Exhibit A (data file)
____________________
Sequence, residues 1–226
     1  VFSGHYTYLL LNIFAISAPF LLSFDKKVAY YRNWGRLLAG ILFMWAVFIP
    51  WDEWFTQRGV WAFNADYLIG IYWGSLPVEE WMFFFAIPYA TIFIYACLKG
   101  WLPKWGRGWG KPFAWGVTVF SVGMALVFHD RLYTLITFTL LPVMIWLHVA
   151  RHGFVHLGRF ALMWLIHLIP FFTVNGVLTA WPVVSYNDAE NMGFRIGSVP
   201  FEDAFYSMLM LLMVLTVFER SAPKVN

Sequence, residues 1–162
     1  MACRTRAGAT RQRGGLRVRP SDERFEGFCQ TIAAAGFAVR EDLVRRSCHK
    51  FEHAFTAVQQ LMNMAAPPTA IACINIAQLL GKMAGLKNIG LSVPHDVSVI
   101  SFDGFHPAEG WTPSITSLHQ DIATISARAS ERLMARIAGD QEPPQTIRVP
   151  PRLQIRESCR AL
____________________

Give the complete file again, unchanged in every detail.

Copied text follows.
Sequence, residues 1–226
     1  VFSGHYTYLL LNIFAISAPF LLSFDKKVAY YRNWGRLLAG ILFMWAVFIP
    51  WDEWFTQRGV WAFNADYLIG IYWGSLPVEE WMFFFAIPYA TIFIYACLKG
   101  WLPKWGRGWG KPFAWGVTVF SVGMALVFHD RLYTLITFTL LPVMIWLHVA
   151  RHGFVHLGRF ALMWLIHLIP FFTVNGVLTA WPVVSYNDAE NMGFRIGSVP
   201  FEDAFYSMLM LLMVLTVFER SAPKVN

Sequence, residues 1–162
     1  MACRTRAGAT RQRGGLRVRP SDERFEGFCQ TIAAAGFAVR EDLVRRSCHK
    51  FEHAFTAVQQ LMNMAAPPTA IACINIAQLL GKMAGLKNIG LSVPHDVSVI
   101  SFDGFHPAEG WTPSITSLHQ DIATISARAS ERLMARIAGD QEPPQTIRVP
   151  PRLQIRESCR AL